Top 10 Reasons NOT to Meditate (and Why They're Wrong!)
The following are my Top 10 Reasons Not to Meditate (and why they're wrong).
I used to think that the spiritual path was a waste of time or a distraction from reality “out there” as conveyed to me by my senses. I used to think that the senses and this body were all we had so we might as well pleasure them and indulge them as much as we could.
I thought phrases like “everlasting peace” or “go with the flow of the universe,” sounded pretty boring and monotonous and bland and also dumb and short-shighted. Who would want to end up as a couch potato with no job, no income, and no life?
Religions and mystics all too often seem to ignore science and facts. Don’t hard core religious people tend to reject evolution, deny that humans are contributing to climate change and take scientifically nonsensical and internally contradictory religious texts like the Koran or the Bible as God’s word and the complete and perfect truth? And where was the proof that God himself existed? If God is real and as powerful as advertised, it would be pretty easy for him to have been accurate in writing these religious texts or for him to prove his existence to us and show us which religion he belonged to.
I found that the traditions that didn’t seem absurdly primitive and unscientific were too distant culturally for me to adopt. I would put traditions such as Buddhism and possibly indigenous American and Polynesian traditions such as the Huna or Toltec systems in this category. I gravitated to Buddhism in particular because it explicitly rejected dogma and the notion of super natural beings and did seem to ground itself in verifiable truths or, if not science per se, at least subjected itself to being proven by experience and open to scientific investigation. But was I really going to shave my head, move to Asia and don the yellow robes of a Buddhist monk? Or walk around as a modern day Huna magician? Uh, No.
I feared that these systems, especially Buddhism with its doctrine of non-attachment and non-self, would lead to my death or the intellectual or emotional equivalent. Images of half-naked and starved near to death monks in a cave in Tibet or Christian monks cloistered away from their families and friends, sleeping on beds of nails and whipping themselves in penance sprang to mind.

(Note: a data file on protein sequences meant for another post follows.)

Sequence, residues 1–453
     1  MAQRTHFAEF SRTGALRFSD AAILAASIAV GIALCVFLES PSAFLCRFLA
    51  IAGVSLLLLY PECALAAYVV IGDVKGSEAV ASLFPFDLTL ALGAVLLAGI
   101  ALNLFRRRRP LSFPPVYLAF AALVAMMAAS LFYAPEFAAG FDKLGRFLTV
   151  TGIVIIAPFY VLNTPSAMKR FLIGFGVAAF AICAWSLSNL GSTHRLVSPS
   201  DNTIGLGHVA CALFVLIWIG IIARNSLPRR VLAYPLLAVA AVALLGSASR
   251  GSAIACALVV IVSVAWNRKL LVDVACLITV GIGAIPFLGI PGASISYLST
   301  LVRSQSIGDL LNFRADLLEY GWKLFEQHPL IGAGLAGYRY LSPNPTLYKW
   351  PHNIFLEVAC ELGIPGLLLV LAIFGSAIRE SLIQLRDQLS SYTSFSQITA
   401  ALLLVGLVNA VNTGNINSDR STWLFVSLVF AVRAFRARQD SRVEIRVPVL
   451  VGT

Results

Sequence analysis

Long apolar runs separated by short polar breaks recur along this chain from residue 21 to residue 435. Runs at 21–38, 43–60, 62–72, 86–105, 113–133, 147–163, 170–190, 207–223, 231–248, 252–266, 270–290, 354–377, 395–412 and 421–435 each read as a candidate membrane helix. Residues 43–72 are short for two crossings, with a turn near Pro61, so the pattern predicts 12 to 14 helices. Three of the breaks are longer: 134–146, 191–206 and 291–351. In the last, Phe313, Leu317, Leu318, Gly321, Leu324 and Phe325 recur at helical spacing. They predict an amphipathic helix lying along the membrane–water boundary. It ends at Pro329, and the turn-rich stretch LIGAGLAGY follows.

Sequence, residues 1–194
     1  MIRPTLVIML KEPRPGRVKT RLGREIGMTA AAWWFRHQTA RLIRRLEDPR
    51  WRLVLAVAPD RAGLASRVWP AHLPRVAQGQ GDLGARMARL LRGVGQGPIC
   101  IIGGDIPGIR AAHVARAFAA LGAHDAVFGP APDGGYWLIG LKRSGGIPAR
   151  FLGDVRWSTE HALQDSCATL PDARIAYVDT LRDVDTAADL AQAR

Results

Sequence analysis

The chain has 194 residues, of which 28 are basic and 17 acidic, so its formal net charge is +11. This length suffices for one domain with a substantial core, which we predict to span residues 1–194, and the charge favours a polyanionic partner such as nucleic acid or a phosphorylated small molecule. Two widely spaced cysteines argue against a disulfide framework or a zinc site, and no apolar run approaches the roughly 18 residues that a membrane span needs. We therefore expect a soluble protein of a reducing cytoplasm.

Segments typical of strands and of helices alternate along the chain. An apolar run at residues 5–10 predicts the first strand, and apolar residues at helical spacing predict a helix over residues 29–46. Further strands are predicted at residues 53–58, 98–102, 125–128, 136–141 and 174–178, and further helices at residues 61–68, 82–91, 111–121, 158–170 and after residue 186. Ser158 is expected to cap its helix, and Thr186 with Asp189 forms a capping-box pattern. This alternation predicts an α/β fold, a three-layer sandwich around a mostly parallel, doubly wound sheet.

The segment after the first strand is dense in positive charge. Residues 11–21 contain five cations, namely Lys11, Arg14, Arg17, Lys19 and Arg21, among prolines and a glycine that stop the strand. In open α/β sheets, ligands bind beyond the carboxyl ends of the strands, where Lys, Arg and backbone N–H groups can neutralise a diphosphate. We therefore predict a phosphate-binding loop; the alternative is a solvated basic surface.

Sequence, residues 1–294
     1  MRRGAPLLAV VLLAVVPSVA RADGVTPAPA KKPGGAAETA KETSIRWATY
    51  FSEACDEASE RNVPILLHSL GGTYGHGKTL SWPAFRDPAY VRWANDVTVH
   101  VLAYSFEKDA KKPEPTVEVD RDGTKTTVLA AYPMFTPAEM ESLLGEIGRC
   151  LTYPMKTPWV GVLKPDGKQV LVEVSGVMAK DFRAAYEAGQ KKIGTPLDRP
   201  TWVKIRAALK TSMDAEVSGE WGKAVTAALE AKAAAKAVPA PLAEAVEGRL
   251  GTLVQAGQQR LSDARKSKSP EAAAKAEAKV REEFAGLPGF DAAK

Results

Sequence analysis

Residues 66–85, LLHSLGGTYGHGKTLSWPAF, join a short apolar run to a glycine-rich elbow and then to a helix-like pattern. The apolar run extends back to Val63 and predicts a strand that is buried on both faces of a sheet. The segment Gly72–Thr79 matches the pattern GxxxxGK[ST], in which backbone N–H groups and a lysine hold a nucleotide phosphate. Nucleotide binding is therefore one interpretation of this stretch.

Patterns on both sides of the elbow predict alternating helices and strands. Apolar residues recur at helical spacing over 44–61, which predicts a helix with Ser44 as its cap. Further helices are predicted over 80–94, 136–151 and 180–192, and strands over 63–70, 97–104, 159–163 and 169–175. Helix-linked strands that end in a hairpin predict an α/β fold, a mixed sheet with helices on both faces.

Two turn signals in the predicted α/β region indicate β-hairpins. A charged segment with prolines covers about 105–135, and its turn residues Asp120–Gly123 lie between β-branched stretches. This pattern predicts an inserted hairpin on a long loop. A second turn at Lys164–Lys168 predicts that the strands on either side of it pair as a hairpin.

So if I wasn’t going to adopt one religion in particular, what were my options? I always cringed at the idea that each person could pick and choose the bits they liked from each spiritual tradition and change the things they chose willy nilly. And purely using only the scientifically proven bits also seemed risky. Looking at the science of a hundred years ago or imagining the science a hundred years from now didn’t give me much hope that today’s knowledge would be definitive. So I was left for many years with no practice of systematically optimizing my health and sense of well-being.
To me it looked like choosing a path of humility and mercy and forgiveness would make me into a push-over and a victim. My simple minded understanding of doctrines like “turning the other cheek” that wise people from Buddha to Jesus advocated, made me worried that pursuing these practices to their end meant I would become a doormat and just have to accept the fact that people were going to take advantage of me and walk all over me.
I have always had a lot of energy and the stamina to sustain an activity longer than average. Perhaps because of this, I used to think I could use the brute force of my body and intellectual intensity to reach this state of optimal physical and psychological health.
Then we have this place they call heaven or paradise. My carefully considered view was that the place on the other side of the pearly gates was a fiction and therefore following some ancient and irrelevant person’s commandments in order to get in through those gates was silly and childish. And the methods to achieve that state (or place) often involved rituals that seemed bizarre and cultish to me (especially from the Judeo-Christian tradition that I knew best). I had a knee jerk negative reaction to any method that had a god, commandments, a creed, lots of rules or some other dogma.
This is a biggie. Most people alive today (and probably most who have ever lived) suffer needlessly and die awful deaths. Isn’t that evidence enough against the idea that life is perfect already or that continual happiness and health is available to each and every one of us?
Well, I have concluded after many years of intensive searching on these questions that I was wrong about all ten. You can listen to this episode of the podcast to find out the short version of why I think they're all wrong. And stay tuned for the next few episodes of the podcast where I will be going in to more detail.